Here’s the abstract:
While Richard Dawkins’ polemic against religion scores easy points against Christian fundamentalisms, he supposes his target to be much vaster: “I am not attacking any particular version of God or gods. I am attacking God, all gods”. Given The God Delusion‘s lack of extended argument, historical ignorance and unfamiliarity with the literature, the praise it has received from some distinguished scientists is troubling.
This essay seeks, first, to examine some of the book’s chief weaknesses – its ignorance of the grammar of “God” and of “belief in God”; the crudeness of its account of how texts are best read; its lack of interest in ethics – and, second, to address the question of what it is about the climate of the times that enables so ill-informed and badly argued a tirade to be widely welcomed by many apparently well-educated people.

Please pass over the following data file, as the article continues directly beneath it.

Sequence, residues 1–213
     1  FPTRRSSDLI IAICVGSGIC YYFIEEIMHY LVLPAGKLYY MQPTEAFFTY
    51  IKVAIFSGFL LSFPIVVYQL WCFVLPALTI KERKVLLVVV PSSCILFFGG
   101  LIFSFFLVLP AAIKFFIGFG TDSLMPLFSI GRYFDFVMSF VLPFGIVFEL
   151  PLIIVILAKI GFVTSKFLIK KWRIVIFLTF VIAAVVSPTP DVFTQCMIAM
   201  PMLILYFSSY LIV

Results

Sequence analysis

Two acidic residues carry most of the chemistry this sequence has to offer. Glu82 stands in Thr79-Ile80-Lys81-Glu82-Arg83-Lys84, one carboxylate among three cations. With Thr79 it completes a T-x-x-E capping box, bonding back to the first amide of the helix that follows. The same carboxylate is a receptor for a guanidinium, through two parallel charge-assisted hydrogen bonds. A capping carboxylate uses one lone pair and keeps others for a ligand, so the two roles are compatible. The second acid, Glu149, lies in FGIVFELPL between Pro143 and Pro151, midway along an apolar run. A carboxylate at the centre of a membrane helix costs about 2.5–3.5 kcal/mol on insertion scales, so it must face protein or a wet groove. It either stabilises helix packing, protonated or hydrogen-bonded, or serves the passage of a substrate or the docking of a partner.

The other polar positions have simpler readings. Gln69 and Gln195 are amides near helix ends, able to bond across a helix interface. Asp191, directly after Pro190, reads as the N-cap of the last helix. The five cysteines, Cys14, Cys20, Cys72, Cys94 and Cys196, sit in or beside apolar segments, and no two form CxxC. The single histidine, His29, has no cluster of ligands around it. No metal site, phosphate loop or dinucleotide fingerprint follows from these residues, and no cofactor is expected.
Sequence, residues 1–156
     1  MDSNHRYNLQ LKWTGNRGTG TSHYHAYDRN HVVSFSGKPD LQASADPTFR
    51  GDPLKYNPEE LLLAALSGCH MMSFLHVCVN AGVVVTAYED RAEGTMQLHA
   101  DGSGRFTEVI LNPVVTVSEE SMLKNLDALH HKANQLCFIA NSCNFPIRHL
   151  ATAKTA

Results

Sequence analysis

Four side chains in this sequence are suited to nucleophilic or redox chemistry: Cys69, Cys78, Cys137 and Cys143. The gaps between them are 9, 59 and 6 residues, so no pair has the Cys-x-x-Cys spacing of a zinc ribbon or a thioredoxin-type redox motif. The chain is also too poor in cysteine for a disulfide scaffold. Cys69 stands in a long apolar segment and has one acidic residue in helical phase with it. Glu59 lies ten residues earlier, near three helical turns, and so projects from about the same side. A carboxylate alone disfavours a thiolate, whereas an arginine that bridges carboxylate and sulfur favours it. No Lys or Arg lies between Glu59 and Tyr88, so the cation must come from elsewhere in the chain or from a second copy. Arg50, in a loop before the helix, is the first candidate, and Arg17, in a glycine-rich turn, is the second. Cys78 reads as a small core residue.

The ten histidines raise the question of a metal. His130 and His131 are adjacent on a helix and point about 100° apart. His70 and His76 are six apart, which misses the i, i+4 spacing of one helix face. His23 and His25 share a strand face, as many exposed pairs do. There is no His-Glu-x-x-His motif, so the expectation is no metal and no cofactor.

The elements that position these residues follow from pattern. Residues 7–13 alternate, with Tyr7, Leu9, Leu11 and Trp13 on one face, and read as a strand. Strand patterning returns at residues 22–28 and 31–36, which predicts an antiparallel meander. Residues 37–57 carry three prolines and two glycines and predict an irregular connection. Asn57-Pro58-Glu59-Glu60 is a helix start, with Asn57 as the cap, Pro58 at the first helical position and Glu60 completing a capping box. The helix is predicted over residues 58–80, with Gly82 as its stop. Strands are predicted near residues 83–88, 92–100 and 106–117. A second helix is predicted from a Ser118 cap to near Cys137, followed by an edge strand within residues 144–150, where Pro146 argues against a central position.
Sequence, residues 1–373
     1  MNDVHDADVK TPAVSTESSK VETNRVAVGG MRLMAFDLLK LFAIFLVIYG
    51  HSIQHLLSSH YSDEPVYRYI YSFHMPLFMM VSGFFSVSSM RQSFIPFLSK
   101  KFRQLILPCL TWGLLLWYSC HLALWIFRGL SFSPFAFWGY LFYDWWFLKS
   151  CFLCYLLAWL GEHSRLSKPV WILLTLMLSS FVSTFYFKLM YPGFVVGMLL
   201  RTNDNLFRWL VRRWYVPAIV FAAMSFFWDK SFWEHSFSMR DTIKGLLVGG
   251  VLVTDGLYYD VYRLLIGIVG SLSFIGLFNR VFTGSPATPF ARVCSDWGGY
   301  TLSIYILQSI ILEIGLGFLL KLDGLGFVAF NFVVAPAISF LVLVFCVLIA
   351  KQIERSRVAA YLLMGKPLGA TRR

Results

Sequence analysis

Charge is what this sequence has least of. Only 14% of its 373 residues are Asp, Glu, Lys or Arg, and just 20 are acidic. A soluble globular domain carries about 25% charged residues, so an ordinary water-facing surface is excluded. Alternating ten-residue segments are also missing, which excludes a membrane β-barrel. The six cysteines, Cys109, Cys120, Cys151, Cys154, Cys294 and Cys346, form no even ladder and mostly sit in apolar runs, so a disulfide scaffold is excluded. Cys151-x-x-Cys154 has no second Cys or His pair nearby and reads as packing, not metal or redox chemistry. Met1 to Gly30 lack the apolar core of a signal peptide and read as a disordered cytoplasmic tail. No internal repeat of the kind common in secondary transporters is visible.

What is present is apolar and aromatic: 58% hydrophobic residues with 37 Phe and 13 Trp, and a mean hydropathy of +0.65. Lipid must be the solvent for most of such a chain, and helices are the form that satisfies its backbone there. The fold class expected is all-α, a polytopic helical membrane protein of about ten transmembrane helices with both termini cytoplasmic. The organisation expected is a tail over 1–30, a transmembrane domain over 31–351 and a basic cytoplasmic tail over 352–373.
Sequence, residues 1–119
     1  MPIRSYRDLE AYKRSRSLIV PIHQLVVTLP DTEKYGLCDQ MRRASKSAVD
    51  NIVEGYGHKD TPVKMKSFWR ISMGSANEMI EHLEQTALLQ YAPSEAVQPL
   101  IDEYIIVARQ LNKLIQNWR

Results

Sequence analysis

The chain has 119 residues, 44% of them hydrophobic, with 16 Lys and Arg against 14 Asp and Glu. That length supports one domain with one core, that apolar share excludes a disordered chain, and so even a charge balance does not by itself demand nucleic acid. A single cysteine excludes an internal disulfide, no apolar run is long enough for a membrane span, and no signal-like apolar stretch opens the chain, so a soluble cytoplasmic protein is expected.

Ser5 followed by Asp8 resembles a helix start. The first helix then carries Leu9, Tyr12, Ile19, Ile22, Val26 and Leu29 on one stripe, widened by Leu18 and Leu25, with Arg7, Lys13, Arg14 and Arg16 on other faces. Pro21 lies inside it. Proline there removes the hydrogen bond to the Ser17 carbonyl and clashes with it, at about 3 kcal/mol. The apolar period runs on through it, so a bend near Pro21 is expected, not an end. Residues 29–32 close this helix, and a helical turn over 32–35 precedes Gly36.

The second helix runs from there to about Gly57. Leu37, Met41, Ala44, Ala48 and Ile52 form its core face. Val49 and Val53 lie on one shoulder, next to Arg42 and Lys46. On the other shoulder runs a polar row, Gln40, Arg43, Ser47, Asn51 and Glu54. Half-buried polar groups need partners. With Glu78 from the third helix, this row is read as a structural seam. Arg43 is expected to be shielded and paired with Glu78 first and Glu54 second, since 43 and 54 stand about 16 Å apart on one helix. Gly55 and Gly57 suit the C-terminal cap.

The latter issue is addressed, first, by considering the illusion, unique to the English-speaking world, that there is some single set of procedures which uniquely qualify as “scientific” and give privileged access to truth; second, by examining historical shifts in the senses of “religion”; thirdly, by locating Dawkins’ presuppositions concerning both “science” and “religion”, his paradoxical belief in progress, and the reception which the book has received, in relation to tensions in our culture signalled, fifty years ago, by C. P. Snow.
You can read the entire piece here.